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Saturday, 7 April 2018

Good FrIday

An overcast day with light showers.  As it should be on a day of mourning.  Christ was taken down off the cross in big city churches and small village chapels all over the country.  Church bells tolled the slow death knell all day long.

This is a day of strict fast, for most.  Our lunch was boiled potatoes, tomatoes, cucumber with a little vinegar and some bread. I had oil on my salad though, sinner that I am, and I had milk in my coffee.  No alcohol is consumed in our house on Good Friday.  There is a story there which one day I may tell. Let me just say that in years gone by much, much alcohol was consumed on this day.





Monastery entrance with its tall cypress tree


Looking into the courtyard

At 6pm we made our way slowly up to the monastery weaving through lines of cars and roads lined with tourists and city slickers making their way into town.  The Monastery holds its services earlier and we went to take part in the first parade of Christ's bier.  Even me, though I was extremely wary on the uneven stone steps.  Wouldn't want to tumble down those.


The bier was beautifully decorated with white and purple flowers


Tonight we hold plain brown beeswax candles with a plastic holder to catch any drips.  This one is years old and had to be reinforced with a few leaves to hold the candle in place.  Small boys take great delight in these plastc holders.  If they're held in the 'right' way they can catch on fire.



My night photos do not turn out well.  It is dusk and the procession of  the faithful holding their candles and following the bier goes down the hill to the beach before coming back up the road and into the church again.  I stayed up the top this year.  The priests chant almost the whole journey and a very scratchy, squawky and elderly speaker box sends the intoning out to those at the rear

It was still early so we drove slowly through the crowded roads down to the parking on the harbour.  Poros is bulging.  There can't be many empty hotel rooms or beds this weekend.  The harbour parking was jam-packed.  We parked further away and walked.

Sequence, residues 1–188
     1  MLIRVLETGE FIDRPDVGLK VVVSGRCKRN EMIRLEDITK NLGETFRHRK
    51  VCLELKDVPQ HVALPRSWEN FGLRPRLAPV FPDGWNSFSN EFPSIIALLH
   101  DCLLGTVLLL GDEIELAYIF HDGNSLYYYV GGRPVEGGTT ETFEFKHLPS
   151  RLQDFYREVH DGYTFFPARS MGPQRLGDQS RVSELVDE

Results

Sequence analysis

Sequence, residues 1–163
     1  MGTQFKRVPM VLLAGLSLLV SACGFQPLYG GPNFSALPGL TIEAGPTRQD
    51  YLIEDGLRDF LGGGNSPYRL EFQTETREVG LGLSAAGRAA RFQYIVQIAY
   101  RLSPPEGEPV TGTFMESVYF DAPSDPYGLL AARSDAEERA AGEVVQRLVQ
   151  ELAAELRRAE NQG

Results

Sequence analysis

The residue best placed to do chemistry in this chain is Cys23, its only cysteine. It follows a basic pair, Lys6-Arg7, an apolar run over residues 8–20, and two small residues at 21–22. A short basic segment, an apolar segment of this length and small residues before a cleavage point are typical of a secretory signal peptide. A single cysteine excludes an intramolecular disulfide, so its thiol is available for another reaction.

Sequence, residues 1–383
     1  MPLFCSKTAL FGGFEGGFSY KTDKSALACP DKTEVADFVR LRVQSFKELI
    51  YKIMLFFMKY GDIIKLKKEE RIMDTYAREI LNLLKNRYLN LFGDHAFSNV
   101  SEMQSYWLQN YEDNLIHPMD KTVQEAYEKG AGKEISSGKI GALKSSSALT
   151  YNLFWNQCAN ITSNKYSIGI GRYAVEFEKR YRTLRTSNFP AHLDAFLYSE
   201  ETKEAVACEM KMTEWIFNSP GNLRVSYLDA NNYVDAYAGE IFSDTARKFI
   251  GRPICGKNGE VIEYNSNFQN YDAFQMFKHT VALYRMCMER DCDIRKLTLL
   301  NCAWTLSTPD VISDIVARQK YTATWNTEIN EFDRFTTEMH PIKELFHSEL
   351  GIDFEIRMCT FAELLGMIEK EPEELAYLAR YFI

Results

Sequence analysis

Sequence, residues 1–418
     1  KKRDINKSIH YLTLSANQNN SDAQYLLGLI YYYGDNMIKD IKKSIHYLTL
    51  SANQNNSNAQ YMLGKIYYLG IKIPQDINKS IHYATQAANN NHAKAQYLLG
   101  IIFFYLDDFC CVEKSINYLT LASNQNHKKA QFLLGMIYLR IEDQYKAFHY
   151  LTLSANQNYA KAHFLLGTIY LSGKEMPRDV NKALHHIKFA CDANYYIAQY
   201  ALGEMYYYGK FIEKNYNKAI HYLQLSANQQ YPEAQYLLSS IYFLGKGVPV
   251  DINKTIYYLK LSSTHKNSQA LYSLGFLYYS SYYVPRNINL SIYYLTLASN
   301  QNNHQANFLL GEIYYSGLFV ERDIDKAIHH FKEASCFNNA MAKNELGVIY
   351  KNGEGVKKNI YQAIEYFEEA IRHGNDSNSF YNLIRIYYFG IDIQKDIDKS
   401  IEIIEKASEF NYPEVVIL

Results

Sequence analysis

Everyone was out for the candlelight parade of the four churches.  Every few steps we stopped to greet friends and relatives and wish them a 'Kali Anastasi", Good Resurrection'.  One of our grandsons was an altar boy and the youngest grandaughter a flower bearer.  Their father got in line to take his turn at carrying the heavy wooden platform



Poros harbour lit up by the candles of the faithful.  On the harbour road in the middle of town the four churches meet, each with their flower bedecked bier.  The procession from the big harbour church is brought by sea on one of the big fishing boats.  There is a short service in town and then they all return to their churches.  Many peel off to look for an empty table at a cafe or taverna for an ouzo and some seafood.

I limped back to the car with a sore knee.  I must have knocked it a little yesterday.  I also have some bruises in wierd places.  

Tomorrow is a busy day with all the final preparations for Sunday's feast.  





4 comments:

  1. Xristos anesti
    Well it is Sunday morning here
    Have a wonderful Easter Sunday with your family
    I’m off to my parents for a lamb on the spit

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    Replies
    1. Alithos anesti!
      Enjoy your lamb and your family! Ours is all tied up on the spit and ready to go!

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  2. It's good to know that Easter is celebrated in such a nice way there. Here it's all about chocolate and bunnies.

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    Replies
    1. And hot cross buns!!! Too much work! Every year I say never again and every year here we are again

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